AMC’s hit series Mad Men may not inspire you to swill Scotch at client meetings, but it does make you appreciate the stylish panache of a well-equipped bar. Jamie Ryan, wine consultant at Tower Beer, Wine & Spirits, offers this advice on creating a respectable home setup:
Bourbon A less expensive bourbon is fine if you’re serving a younger crowd likely to mix it with cola. Upgrade to something pricier such as Maker’s Mark, Woodford Reserve, or Blanton’s if you’re serving it neat or on the rocks.
Vodka Start with a versatile brand such as Ketel One—though a spirit with a heavier texture, such as Grey Goose, may best hold the complex ingredients of a martini. Trendy, flavored vodkas are not requisites, as you can always add flavorings.
Scotch You will satisfy most guests with a better-grade blended Scotch such as Dewar’s. Aficionados will be happy with a twelve-year single-malt such as the Macallan. Splurge on something older and finer only if you really want to impress.
Gin For starters, avoid anything with too much juniper or too many herbs. For example, choose regular Bombay over Bombay Sapphire. Tanqueray is always a favorite.
Rum and tequila Key ingredients in summery drinks such as margaritas and mojitos, these are not so important in the winter.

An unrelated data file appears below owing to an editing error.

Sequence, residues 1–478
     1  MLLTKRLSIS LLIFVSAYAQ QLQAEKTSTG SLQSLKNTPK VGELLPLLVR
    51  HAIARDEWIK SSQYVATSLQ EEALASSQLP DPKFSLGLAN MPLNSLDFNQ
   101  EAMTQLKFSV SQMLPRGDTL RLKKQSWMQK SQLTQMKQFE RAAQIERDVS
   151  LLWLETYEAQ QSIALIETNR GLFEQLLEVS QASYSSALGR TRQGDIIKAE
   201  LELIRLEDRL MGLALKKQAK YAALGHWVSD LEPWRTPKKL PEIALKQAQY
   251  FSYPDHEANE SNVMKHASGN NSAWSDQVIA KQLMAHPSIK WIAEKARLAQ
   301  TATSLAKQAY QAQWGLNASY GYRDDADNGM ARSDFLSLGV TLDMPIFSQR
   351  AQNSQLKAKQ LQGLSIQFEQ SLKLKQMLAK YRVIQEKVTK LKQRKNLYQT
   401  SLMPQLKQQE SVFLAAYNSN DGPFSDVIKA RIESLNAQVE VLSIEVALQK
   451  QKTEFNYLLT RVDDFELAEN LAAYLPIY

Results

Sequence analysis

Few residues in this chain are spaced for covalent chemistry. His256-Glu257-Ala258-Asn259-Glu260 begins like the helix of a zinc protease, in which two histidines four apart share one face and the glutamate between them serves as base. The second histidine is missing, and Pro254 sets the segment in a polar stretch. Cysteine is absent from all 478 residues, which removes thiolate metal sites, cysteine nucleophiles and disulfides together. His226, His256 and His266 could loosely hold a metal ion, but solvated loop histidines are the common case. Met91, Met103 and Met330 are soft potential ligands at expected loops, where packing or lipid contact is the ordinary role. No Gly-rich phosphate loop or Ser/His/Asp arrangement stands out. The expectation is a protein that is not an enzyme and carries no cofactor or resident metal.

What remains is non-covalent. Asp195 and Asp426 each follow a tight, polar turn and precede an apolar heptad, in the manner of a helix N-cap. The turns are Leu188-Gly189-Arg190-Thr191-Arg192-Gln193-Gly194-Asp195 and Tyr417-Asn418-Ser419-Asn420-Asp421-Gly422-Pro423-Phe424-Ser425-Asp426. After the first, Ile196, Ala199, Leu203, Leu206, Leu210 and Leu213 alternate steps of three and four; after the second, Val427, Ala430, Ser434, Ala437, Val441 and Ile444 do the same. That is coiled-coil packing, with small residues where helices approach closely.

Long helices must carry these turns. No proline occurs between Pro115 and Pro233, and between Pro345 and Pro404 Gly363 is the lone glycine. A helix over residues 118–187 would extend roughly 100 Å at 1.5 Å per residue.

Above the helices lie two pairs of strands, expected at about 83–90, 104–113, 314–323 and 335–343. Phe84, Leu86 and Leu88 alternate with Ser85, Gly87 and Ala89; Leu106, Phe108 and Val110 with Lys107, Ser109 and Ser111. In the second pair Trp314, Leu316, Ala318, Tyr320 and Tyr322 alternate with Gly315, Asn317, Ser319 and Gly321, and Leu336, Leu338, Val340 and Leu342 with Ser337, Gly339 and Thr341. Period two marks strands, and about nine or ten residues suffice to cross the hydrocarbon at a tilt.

Beer Keep at least one light and one regular variety on hand. Local or microbrews can be good conversation starters.
Wine Pinot noir is a crowd-pleasing red. A soft Chardonnay, possibly French or unoaked, will usually satisfy fans of rich and buttery or lighter whites. Add a sparkling wine for holidays.
Liqueurs An orange-flavored liqueur such as triple sec, Cointreau, or Grand Marnier is used in many popular cocktails. Add Chambord or cassis if you like mixing them with bubbly.
Miscellaneous Dry vermouth, Rose’s lime (and grenadine), olives, and juices (orange, cranberry, pineapple, Bloody Mary mix) in single-serving cans round out the essentials. And, of course, you will need tonic, diet tonic, club soda, ginger ale, cola, diet cola, and lemon-lime soda.
“Think about whom you normally entertain,” advises Ryan. “Pay attention to what they drink when you are out. If you don’t have a lot of friends who drink tequila, there’s really not a call for you to stock tequila. But you might have that friend who drinks brandy. There’s always that wild-card person.”